One of the many ways in which CSB and I differ (and it has been suggested by skeptics that we have Nothing in Common) is how we spent summer vacations as young adolescents. I swam badly, played tennis even worse, and wrote fairy tales and plays, though not about virgin saints. CSB worked on Ruth Sharp’s 153 acre farm in Bedford: Cantitoe Farm. By then Ruth Sharp was already legendary for working hard herself, and demanding the same from her summer laborers. In her late 60’s she drove a decrepit flatbed truck through the hay field while CSB walked along and tossed the bales up to his brother, who stood atop the flatbed. He told me: “She never stopped.”
Apropos of the unwelcome status of roosters in our village, CSB reminisced last night about the summer Will Perry, Ruth Sharp’s foreman, taught him to capon. “Ah yes, a capon,” I said. “I have always wondered about capons. I lay awake wondering about capons.”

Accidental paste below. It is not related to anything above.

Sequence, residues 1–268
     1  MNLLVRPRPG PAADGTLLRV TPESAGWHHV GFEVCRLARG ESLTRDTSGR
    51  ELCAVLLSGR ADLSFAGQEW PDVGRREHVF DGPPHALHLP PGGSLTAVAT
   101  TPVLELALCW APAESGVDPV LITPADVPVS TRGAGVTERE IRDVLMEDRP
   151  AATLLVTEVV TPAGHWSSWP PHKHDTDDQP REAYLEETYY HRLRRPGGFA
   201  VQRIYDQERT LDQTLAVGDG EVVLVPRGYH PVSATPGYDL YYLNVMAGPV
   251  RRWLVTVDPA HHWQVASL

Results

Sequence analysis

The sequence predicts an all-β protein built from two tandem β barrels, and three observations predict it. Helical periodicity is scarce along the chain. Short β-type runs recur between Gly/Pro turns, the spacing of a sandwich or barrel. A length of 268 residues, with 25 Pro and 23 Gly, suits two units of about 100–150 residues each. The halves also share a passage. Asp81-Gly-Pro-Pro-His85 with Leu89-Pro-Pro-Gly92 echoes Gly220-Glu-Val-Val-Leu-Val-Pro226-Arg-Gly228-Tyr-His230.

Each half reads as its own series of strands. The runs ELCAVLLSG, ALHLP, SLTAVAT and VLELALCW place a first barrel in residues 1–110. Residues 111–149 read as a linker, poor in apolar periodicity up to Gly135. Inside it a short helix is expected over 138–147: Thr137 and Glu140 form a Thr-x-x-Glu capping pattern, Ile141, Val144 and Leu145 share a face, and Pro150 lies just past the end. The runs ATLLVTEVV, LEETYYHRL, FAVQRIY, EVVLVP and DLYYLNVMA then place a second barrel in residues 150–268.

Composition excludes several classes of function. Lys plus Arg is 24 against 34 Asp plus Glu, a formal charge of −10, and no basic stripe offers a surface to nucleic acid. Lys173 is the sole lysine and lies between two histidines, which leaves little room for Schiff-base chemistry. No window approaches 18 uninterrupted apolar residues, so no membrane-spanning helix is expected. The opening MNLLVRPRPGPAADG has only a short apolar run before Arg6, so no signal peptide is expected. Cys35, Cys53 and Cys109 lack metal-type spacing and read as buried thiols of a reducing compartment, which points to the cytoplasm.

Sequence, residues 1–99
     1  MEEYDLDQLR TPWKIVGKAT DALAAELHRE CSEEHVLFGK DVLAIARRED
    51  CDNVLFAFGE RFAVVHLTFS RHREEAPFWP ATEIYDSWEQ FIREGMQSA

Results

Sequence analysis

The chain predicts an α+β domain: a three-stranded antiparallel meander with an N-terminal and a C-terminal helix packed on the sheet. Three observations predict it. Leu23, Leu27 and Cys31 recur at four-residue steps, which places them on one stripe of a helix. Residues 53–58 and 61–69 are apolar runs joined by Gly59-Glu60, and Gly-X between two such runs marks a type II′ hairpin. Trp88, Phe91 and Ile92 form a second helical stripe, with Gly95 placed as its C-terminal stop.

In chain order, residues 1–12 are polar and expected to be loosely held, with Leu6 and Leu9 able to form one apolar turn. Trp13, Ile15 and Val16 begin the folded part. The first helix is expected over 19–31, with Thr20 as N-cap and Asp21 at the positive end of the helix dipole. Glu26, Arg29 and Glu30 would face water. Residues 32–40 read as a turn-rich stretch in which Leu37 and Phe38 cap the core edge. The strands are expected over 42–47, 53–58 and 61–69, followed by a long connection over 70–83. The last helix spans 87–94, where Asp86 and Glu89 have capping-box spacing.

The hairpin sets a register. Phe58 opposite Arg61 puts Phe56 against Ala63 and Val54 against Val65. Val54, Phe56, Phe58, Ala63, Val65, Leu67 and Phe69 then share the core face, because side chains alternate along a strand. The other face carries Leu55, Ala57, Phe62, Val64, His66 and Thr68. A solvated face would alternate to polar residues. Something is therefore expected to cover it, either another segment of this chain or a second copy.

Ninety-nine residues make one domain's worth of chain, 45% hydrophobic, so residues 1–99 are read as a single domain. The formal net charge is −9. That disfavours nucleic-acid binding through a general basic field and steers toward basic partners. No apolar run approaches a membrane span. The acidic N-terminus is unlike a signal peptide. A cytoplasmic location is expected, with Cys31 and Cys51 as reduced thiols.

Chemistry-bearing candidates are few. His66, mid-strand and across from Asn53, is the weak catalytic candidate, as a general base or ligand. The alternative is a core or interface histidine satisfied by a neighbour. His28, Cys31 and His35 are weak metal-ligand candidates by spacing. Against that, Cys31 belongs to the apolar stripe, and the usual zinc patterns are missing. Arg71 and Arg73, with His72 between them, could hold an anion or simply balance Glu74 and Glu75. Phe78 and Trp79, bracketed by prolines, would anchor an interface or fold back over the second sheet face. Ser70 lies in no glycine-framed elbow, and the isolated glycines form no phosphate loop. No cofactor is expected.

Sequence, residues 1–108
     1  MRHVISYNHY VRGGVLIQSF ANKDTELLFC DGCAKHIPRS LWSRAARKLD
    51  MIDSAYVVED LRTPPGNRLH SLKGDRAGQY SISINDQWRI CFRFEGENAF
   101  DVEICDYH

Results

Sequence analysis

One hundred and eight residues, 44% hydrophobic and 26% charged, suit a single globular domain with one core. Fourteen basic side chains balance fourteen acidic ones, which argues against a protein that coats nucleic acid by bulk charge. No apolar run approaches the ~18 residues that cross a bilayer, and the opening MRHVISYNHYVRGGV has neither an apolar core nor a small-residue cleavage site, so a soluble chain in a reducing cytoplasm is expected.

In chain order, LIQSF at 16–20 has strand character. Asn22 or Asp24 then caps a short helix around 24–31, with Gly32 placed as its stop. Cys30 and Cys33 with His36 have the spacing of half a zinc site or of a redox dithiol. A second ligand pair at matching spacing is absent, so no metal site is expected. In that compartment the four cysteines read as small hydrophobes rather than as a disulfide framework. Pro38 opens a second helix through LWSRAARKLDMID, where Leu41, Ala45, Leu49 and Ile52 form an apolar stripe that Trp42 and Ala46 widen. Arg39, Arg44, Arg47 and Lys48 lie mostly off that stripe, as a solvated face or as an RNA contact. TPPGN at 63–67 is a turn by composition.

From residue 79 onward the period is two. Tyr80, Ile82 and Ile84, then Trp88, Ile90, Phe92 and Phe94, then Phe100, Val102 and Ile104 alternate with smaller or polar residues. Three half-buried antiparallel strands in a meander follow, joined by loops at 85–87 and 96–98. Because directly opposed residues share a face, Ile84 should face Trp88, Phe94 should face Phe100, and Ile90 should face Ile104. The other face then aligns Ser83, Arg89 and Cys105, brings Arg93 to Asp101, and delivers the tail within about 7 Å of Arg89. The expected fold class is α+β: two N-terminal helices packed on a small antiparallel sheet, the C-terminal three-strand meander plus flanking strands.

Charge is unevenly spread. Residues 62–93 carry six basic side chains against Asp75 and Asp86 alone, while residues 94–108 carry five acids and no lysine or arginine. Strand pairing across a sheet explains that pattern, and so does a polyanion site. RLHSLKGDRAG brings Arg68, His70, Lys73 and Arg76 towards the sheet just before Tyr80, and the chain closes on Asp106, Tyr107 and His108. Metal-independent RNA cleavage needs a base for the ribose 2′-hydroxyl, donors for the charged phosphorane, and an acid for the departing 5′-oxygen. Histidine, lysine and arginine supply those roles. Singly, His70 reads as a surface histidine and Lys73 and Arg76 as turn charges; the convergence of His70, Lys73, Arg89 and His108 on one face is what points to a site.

A capon, I learned, is a castrated cock. To capon is to castrate a cock. CSB kindly explained the procedure: grab the cock by the legs, slice him between the legs, stick in your fingers and remove the testicles. Continue with next cock.
In case you are questioning, as I did: yes, the cocks are alive when this happens, and the slice is actually very small, and yes, of course they have internal testicles. (Soon you will be able to read all about vent-sexing chickens in my upcoming novel Absent a Miracle.) Less fondly, CSB recalled the overwhelming smell of ammonia in the chicken house.
You can also use the verb: to caponize.
Ruth Sharp died several years ago and in 2000 her farm was bought by – of all people – Martha Stewart. Certain things have changed. The newly constructed horse barn is massive and temperature controlled. There are 200 peony varieties, and yes, there are bees in architecturally lovely beehives. I have no idea if caponizing still goes on in the chicken house.